Charter ATP Member Region: Texas Master Gardener: Texas Permaculture Raises cows I was one of the first 300 contributors to the plant database!
Garden Ideas: Master Level Beekeeper Garden Sages Avid Green Pages Reviewer Celebrating Gardening: 2015 Plant Identifier
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dave
Oct 9, 2015 11:28 AM CST

Garden.org Admin

I'm familiar with that technique, Rick, and it is in fact the only way that I can open those cheap ones that I hate. It really does seem hit or miss and sometimes you get a good batch and sometimes you don't. These days I go ahead and buy them in bulk from Amazon and get good results. Thumbs up
Name: Dnd
SE Michigan (Zone 6a)
Dog Lover Daylilies Organic Gardener Houseplants Celebrating Gardening: 2015 Garden Ideas: Level 1
I helped beta test the first seed swap
Image
DogsNDaylilies
Oct 9, 2015 11:37 AM CST
dave said:I'm familiar with that technique, Rick, and it is in fact the only way that I can open those cheap ones that I hate. It really does seem hit or miss and sometimes you get a good batch and sometimes you don't. These days I go ahead and buy them in bulk from Amazon and get good results. Thumbs up


I bought some 2-mil bags from Amazon and I'm very pleased with them! Thumbs up After listening to your podcast, though, I thought I might upgrade to the 4-mil for the bags that I will use to send seeds to other people. I haven't used them yet, but the 4-mil does appear nice. I bought these at a great price: http://www.amazon.com/gp/product/B003ZZUKQ6?psc=1&redirect=t...

For home use, though, I definitely don't see anything wrong with the 2-mil ones on Amazon: http://www.amazon.com/gp/product/B00AFRWKRO?psc=1&redirect=t...
Name: Dave Whitinger
Jacksonville, Texas (Zone 8b)
Charter ATP Member Region: Texas Master Gardener: Texas Permaculture Raises cows I was one of the first 300 contributors to the plant database!
Garden Ideas: Master Level Beekeeper Garden Sages Avid Green Pages Reviewer Celebrating Gardening: 2015 Plant Identifier
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dave
Oct 9, 2015 4:05 PM CST

Garden.org Admin

Yep, those are the exact ones I ordered myself from Amazon last year. A case of 1,000 lasts a long time. Smiling At about 1 cent per bag, it's a bargain, in my opinion.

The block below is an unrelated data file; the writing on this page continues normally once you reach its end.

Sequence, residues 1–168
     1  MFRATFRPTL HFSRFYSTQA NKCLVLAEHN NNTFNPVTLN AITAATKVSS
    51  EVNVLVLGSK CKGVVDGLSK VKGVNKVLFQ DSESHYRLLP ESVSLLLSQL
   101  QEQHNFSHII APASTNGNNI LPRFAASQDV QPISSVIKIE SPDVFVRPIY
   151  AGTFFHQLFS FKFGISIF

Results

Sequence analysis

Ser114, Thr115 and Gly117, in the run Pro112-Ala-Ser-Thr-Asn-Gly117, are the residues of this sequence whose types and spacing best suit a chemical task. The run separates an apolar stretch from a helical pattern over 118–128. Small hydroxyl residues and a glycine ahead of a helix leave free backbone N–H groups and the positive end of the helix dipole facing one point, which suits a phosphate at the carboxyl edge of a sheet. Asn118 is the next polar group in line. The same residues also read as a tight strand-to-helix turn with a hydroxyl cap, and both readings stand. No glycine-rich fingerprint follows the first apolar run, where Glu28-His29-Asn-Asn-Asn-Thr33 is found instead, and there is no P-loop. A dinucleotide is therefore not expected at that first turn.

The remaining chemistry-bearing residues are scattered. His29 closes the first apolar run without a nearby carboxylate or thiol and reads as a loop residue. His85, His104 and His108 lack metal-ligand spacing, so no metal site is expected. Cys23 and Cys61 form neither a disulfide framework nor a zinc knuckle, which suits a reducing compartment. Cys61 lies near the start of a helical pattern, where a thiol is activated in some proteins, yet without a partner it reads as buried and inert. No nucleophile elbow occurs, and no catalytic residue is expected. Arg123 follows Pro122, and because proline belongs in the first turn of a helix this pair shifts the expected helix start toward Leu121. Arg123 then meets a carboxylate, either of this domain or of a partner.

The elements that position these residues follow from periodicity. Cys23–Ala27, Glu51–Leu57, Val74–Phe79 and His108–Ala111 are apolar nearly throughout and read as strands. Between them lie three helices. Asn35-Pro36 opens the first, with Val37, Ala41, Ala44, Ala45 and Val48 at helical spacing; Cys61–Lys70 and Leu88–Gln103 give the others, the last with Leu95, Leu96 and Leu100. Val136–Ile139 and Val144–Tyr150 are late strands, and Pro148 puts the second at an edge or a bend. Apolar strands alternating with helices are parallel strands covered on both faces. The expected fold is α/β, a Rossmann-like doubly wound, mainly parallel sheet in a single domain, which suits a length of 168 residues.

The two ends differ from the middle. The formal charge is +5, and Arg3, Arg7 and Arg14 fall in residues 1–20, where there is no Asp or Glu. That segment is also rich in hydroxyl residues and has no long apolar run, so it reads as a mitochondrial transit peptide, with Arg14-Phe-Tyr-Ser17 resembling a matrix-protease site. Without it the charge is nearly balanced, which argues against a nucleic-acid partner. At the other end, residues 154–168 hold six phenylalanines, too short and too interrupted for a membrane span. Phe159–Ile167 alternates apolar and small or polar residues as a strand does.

Name: Rick Corey
Everett WA 98204 (Zone 8a)
Sunset Zone 5. Koppen Csb. Eco 2f
I helped beta test the first seed swap Plant and/or Seed Trader Seed Starter Region: Pacific Northwest Photo Contest Winner: 2014 Vegetable Grower
Avid Green Pages Reviewer Garden Ideas: Master Level Garden Sages I was one of the first 300 contributors to the plant database! I helped plan and beta test the plant database. Charter ATP Member
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RickCorey
Oct 12, 2015 12:50 PM CST
>> I might upgrade to the 4-mil for the bags that I will use to send seeds to other people.

I've done that myself, sometimes!

>> It really does seem hit or miss and sometimes you get a good batch and sometimes you don't.

I agree. It doesn't go strictly by price: some cheap ones are as good as the most expensive ones, and some cheap ones stink.
Name: Lacey
East Tennessee (Zone 7a)
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LADeWilde
Jan 12, 2016 4:21 PM CST
I assume that most of the ideas in this podcast are for large seeds. I deal mostly with gesneriad seeds which are almost as fine as dust particles. I store my seeds in white tissue paper, multifolded to produce a small 'pocket'. I gather my seeds on a white piece of white typing paper where I clean the seeds of chaff and debris. I then fold the piece of paper and pour the seed in the pocket and fold it close. The pocket is then placed in a 1-3/4" x 2-7/8" glassine enveloped like those used for stamps collections. The glassine envelope is then placed in a #3 coin envelope and labeled with the seed's name. The coin envelopes are then place in an air tight plastic container with a dessicant pack and stored in the bottom drawer of my frigde. Some of my seeds are over 14 years old and still as vialble as the day I collected them. I do agree the seeds should be very dry before storing. Lucky, with gesneriads, they usually dry thoroughly in the pod before they're even harvested. Smiling
Name: Rick Corey
Everett WA 98204 (Zone 8a)